HESSTON, Kan. (AP) — A man who stormed into a Kansas factory where he worked and shot 15 people, killing three, had just been served with a protective order that probably triggered the attack, authorities said Friday.
The assault at the Excel Industries lawnmower parts plant in the small town of Hesston ended when a police officer killed the gunman during a shootout.
Harvey County Sheriff T. Walton described the officer as a “tremendous hero” because 200 or 300 people were still in the factory and the “shooter wasn’t done by any means.”
“Had that Hesston officer not done what he did, this would be a whole lot more tragic,” Walton said.
The sheriff identified the gunman as Cedric Ford, a 38-year-old plant worker who had several convictions in Florida over the last decade. His past offenses included burglary, grand theft, fleeing from an officer, aggravated fleeing, carrying a concealed weapon, all from Broward and Miami-Dade counties.
According to the Wichita Eagle, Ford has also had criminal cases in Harvey County, including a misdemeanor conviction in 2008 for fighting or brawling and various traffic violations from 2014 and 2015.
The shooting came less than a week after authorities say a man opened fire at several locations in the Kalamazoo, Michigan, area, leaving six people dead and two severely wounded. Authorities have not disclosed a possible motive in those attacks.
Eleven of the people wounded in Thursday’s attack were taken to two Wichita hospitals, where one was in critical condition, five in serious condition and five in fair condition Friday morning, hospital officials said.
The others were taken to a hospital in nearby Newton, and their conditions were not immediately available.
Walton said his office served the suspect with the protection-from-abuse order at around 3:30 p.m., about 90 minutes before the first shooting happened. He said such orders are usually filed because there’s some type of violence in a relationship. He did not disclose the nature of the relationship in question.
While driving to the factory, the gunman shot a man on the street in Newton, striking him in the shoulder. A short time later, he shot someone else in the leg at an intersection.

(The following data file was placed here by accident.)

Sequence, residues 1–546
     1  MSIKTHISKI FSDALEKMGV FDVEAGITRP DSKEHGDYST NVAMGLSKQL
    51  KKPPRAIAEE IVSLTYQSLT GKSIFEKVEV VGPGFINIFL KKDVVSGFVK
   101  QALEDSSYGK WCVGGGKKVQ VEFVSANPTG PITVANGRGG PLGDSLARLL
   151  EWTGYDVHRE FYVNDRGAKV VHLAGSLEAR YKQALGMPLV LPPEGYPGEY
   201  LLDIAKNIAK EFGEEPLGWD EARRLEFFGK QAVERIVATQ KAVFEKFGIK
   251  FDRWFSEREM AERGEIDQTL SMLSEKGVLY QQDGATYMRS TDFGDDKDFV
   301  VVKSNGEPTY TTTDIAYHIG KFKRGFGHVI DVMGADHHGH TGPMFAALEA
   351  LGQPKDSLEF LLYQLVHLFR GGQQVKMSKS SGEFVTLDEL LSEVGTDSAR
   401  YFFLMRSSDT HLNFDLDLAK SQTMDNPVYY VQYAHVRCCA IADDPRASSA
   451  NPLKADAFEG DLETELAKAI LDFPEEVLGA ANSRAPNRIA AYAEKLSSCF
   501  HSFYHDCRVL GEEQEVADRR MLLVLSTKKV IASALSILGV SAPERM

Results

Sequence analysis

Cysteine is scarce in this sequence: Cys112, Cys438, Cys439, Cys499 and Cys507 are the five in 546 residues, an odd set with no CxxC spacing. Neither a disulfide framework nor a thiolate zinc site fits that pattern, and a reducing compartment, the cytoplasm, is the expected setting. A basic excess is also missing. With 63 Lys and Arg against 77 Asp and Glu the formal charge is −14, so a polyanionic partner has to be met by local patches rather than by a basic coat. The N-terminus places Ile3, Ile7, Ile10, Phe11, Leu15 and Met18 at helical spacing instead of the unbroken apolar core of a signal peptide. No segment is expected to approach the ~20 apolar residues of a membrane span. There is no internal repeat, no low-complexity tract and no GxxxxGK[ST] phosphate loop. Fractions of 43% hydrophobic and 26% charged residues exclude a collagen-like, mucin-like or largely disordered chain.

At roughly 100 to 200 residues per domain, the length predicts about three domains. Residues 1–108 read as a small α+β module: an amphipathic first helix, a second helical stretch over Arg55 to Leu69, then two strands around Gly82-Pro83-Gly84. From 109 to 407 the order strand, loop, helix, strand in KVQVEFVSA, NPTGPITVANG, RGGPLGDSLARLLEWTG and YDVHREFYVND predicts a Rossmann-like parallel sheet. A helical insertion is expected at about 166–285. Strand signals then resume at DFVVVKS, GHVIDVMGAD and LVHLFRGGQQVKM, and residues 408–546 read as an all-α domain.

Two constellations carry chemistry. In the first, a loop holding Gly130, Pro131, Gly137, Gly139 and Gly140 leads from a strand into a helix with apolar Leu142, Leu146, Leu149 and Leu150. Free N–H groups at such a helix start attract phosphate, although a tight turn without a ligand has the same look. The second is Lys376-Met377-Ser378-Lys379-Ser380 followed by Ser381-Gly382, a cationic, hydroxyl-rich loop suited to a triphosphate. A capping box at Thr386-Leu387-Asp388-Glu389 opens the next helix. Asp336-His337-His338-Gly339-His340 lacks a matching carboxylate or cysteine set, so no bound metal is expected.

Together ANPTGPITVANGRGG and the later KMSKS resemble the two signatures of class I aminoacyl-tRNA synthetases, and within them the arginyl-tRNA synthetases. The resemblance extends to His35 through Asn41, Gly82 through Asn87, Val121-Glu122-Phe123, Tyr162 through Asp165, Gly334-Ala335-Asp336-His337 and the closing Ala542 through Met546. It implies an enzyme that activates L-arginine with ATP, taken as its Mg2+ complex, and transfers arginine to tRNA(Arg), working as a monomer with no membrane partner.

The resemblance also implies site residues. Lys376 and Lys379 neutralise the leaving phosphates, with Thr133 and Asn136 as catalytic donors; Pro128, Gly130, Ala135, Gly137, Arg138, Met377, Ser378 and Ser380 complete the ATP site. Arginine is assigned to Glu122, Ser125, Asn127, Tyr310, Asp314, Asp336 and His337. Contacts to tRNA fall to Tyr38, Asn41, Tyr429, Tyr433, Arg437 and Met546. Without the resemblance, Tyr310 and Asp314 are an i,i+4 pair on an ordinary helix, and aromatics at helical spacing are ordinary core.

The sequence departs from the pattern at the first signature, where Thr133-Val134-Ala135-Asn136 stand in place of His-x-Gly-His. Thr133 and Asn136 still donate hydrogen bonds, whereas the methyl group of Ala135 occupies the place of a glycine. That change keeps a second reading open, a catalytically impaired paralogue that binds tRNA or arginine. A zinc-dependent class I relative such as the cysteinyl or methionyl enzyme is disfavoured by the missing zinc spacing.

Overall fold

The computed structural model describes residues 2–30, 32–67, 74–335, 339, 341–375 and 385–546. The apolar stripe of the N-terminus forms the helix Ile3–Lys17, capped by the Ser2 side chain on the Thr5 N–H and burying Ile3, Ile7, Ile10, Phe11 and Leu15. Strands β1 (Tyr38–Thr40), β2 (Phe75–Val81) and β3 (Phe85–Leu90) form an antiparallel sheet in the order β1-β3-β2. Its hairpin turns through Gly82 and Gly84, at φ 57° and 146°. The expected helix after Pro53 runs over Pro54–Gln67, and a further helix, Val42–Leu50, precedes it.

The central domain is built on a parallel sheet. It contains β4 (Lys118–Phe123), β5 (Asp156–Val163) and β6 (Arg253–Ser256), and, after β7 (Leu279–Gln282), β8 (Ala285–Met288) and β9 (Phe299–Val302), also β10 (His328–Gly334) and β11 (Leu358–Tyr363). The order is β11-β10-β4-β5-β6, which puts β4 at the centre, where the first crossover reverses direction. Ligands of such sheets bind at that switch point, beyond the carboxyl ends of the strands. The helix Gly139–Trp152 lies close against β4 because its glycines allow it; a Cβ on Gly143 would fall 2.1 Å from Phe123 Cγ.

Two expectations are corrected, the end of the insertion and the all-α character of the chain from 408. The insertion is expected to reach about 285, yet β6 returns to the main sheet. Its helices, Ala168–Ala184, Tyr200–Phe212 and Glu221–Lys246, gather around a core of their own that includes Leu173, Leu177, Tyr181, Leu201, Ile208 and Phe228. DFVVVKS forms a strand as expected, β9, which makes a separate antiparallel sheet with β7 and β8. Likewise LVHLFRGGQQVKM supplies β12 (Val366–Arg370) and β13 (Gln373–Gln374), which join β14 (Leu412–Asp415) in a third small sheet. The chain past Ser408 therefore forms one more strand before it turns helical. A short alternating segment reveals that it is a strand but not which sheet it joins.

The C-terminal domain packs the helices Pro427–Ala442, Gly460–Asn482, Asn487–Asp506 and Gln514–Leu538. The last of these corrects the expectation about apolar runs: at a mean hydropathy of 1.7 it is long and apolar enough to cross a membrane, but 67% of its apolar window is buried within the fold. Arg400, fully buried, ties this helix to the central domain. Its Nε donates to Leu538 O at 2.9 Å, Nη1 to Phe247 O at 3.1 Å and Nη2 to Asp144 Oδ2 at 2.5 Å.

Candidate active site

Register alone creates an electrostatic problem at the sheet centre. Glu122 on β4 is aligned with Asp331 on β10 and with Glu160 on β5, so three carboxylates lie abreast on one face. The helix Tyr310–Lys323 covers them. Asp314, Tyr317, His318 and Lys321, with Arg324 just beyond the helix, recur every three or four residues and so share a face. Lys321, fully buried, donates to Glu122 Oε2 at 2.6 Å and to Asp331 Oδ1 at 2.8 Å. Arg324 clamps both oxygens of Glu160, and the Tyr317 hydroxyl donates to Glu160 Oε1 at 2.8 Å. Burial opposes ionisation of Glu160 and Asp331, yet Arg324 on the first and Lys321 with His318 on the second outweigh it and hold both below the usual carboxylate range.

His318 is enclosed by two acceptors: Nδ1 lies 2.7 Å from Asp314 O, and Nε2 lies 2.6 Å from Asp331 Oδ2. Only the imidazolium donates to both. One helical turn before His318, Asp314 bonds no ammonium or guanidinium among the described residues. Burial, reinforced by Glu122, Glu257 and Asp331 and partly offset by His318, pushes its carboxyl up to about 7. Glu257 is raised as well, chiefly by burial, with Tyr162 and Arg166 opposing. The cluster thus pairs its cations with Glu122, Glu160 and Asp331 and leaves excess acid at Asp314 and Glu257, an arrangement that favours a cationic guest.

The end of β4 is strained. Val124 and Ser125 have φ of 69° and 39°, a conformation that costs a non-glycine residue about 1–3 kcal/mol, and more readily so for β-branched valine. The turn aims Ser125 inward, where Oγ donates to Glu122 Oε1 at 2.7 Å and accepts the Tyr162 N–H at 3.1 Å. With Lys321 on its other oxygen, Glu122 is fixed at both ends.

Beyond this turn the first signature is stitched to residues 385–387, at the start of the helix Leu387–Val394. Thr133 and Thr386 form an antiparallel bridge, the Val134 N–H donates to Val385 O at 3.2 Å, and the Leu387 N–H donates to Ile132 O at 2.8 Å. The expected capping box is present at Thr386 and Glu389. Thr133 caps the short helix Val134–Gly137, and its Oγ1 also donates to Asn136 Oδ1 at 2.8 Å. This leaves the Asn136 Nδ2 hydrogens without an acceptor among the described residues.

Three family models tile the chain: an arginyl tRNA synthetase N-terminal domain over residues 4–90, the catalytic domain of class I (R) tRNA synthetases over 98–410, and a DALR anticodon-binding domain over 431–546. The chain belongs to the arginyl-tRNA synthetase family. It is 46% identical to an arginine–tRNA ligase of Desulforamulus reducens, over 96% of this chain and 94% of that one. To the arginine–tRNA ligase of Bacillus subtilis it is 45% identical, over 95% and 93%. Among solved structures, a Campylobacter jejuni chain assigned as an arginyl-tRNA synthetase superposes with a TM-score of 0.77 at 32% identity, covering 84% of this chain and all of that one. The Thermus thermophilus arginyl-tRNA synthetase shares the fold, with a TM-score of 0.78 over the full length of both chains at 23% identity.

“The shooter proceeded north to Excel Industries in Hesston, where one person was shot in the parking lot before he opened fire inside the building,” the department said in a news release. “He was seen entering the building with an assault-style long gun.”
Ford had left work early without explanation before showing up hours later with a rifle, according to a co-worker.
Matt Jarrell says he and Ford had worked “hand-in-hand” as painters on the second shift. He says Ford arrived as scheduled on Thursday but later disappeared and wasn’t there to relieve him so that he could take a break.
Jarrell told The Associated Press on Friday that someone else eventually spelled him and that he was sitting in his truck in the parking lot when he saw Ford drive up in a truck that wasn’t his.
Jarrell said he sped away when he saw Ford shoot someone and then enter the building.
Moments later, Martin Espinoza, who works at Excel, heard people yelling to others to get out of the building, then heard popping and saw the shooter, a co-worker he described as typically pretty calm.
Espinoza said the shooter pointed a gun at him and pulled the trigger, but the gun was empty. At that point, the gunman got a different gun and Espinoza ran.
“He came outside after a few people, shot outside a few times, shot at the officers coming onto the scene at the moment and then reloaded in front of the company,” Espinoza told The Associated Press. “After he reloaded, he went inside the lobby in front of the building, and that is the last I seen him.”
The officer who exchanged fire with the shooter was not injured.
Walton said the attacker had an “assault-style” rifle and a pistol.
Erin McDaniel, a spokeswoman for Newton, said the suspect was known to local authorities. She would not elaborate.
Hesston is a community of about 3,700 about 35 miles north of Wichita.
Excel Industries was founded there in 1960. The company manufactures Hustler and Big Dog mowing equipment and was awarded the Governor’s Exporter of the Year award in 2013 from the Kansas Department of Commerce.
Fisher reported from Kansas City, Missouri. Associated Press writers P. Solomon Banda in Hesston, John Hanna in Topeka and Heather Hollingsworth in Kansas City, Missouri, contributed to this report.
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